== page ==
Nicolas Winding Refn, director of films such as Drive and Valhalla Rising, is a big horror fan. In fact, to hear him tell it, a horror film is responsible for his desire to make movies in the first place. At Cannes this year, Refn introduced a screening of the 4k restoration of Tobe Hooper‘s The Texas Chain Saw Massacre as part of the the Directors’ Fortnight program.
Refn’s long intro to the movie is an enthusiastic expression of love for the film, and has plenty of humor. After Tobe Hooper is introduced he mentions “my dear friend Nicolas,” to which Refn quips “we just met.” But Refn’s estimation that The Texas Chain Saw Massacre is a masterpiece is spot-on, however. There’s no other horror film like it. Watch the intro below. Read More »
Posted on Tuesday, January 10th, 2012 by Angie Han
Although he made his name in the late ’70s and early ’80s with horror classics like The Texas Chainsaw Massacre, Salem’s Lot, and (at least officially) Poltergeist, director Tobe Hooper‘s been laying low as of late. His last credits, two episodes of the Showtime series Masters of Horror, and the 2005 film Mortuary, are from several years back, and the films he did before that (including Toolbox Murders and The Mangler) were neither as well known nor as highly respected as his early work.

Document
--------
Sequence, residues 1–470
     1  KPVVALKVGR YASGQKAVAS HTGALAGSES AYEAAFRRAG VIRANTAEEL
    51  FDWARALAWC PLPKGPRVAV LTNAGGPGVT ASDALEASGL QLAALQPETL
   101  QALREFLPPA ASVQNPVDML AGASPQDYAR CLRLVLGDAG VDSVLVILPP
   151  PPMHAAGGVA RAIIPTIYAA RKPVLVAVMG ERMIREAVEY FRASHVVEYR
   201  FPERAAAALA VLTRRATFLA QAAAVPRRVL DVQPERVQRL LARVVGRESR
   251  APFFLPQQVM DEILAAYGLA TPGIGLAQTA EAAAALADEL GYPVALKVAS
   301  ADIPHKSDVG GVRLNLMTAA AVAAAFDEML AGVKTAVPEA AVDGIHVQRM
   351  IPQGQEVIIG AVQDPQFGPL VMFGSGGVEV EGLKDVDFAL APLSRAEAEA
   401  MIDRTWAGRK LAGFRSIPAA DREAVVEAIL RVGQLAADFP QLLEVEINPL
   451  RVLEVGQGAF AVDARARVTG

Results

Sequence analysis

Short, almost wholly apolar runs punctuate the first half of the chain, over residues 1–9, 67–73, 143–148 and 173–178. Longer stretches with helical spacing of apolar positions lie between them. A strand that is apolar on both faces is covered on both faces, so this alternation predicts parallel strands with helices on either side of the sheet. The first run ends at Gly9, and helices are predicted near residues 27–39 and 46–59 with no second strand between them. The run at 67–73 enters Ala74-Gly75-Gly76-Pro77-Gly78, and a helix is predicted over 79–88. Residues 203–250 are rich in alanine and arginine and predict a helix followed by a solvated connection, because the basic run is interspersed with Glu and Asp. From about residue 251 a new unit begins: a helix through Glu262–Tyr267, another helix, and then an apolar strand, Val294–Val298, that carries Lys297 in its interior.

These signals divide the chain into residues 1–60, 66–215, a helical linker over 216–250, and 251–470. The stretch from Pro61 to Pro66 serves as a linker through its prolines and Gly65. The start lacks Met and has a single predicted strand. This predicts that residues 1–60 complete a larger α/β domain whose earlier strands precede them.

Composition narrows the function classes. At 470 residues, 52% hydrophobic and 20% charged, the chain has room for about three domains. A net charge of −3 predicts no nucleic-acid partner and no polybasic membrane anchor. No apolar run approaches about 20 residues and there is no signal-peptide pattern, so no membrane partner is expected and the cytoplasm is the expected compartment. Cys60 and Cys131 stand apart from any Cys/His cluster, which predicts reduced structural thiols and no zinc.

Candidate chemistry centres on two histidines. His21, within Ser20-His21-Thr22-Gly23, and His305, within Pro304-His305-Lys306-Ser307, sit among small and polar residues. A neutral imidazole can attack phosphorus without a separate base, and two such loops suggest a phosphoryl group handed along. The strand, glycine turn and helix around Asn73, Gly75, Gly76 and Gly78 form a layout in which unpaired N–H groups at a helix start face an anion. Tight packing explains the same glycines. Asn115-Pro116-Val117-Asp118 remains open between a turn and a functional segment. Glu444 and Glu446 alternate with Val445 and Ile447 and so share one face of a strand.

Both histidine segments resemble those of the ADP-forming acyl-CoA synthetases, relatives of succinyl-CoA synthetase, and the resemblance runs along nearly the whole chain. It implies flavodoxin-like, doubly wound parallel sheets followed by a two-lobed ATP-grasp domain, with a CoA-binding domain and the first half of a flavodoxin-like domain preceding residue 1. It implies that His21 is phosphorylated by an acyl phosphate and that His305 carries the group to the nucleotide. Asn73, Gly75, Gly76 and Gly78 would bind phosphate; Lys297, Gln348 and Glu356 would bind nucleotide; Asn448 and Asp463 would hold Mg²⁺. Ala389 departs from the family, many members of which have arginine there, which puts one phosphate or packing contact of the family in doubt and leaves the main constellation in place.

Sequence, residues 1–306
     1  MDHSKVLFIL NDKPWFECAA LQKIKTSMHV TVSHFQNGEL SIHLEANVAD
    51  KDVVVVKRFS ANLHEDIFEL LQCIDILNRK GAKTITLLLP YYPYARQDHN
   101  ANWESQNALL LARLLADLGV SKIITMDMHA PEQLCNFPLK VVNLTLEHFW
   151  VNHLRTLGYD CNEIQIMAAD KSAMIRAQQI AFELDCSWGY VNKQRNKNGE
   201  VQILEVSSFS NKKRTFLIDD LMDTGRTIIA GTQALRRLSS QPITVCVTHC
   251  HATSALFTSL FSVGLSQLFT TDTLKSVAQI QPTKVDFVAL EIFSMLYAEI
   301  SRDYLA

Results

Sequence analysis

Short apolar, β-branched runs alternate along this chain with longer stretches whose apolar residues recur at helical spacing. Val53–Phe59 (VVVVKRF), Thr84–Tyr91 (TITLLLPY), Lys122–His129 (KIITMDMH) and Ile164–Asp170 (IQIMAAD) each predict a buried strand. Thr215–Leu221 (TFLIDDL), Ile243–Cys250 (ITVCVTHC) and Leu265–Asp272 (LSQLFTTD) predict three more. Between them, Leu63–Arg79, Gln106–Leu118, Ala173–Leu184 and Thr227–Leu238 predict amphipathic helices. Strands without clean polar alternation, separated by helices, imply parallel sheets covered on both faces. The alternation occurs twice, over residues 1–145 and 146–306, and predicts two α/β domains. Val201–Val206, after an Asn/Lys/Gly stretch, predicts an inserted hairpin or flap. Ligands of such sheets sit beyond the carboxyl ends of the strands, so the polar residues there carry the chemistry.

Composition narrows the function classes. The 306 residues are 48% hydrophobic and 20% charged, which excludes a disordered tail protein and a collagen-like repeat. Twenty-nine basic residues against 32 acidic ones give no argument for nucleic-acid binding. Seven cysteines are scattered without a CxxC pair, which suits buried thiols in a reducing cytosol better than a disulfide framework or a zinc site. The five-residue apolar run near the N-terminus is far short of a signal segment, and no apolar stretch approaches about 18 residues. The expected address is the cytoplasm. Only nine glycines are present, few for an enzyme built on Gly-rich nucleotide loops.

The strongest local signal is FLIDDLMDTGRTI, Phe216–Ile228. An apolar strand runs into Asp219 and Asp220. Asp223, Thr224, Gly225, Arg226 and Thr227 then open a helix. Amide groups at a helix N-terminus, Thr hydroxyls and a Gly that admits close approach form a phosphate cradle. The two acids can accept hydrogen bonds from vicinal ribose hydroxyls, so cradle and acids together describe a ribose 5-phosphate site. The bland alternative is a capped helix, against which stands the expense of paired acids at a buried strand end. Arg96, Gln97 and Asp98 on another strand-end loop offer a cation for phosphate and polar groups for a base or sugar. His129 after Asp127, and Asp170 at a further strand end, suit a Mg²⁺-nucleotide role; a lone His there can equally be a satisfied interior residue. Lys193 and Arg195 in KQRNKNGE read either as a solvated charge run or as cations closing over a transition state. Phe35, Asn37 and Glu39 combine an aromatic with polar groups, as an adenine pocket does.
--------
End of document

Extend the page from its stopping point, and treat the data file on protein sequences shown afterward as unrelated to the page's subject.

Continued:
Happily for horror fans, he’s back this year with a new film called Djinn, described as “unique new take on the haunted house thriller uncovers the dark truth behind classic fairytales of the Genie.” And in even better news, the first trailer for the film actually looks pretty good, aside from the fact that some of the scenes could use subtitles for English speakers. Watch it after the jump.
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Tobe Hooper will forever be linked to two of the most memorable horror films ever made: The Texas Chainsaw Massacre and Poltergeist. (Questions of direction of the latter film aside, that is.) His more recent stuff hasn’t been quite up to that level of recognizance, and in fact it has been over five years since he directed any feature or TV work. But he also hasn’t worn out his welcome so we’re hopeful that his new venture will pack a punch.
Tobe Hooper is now set to direct Djinn, a horror film that will take place in and be shot on location in Abu Dhabi. Read More »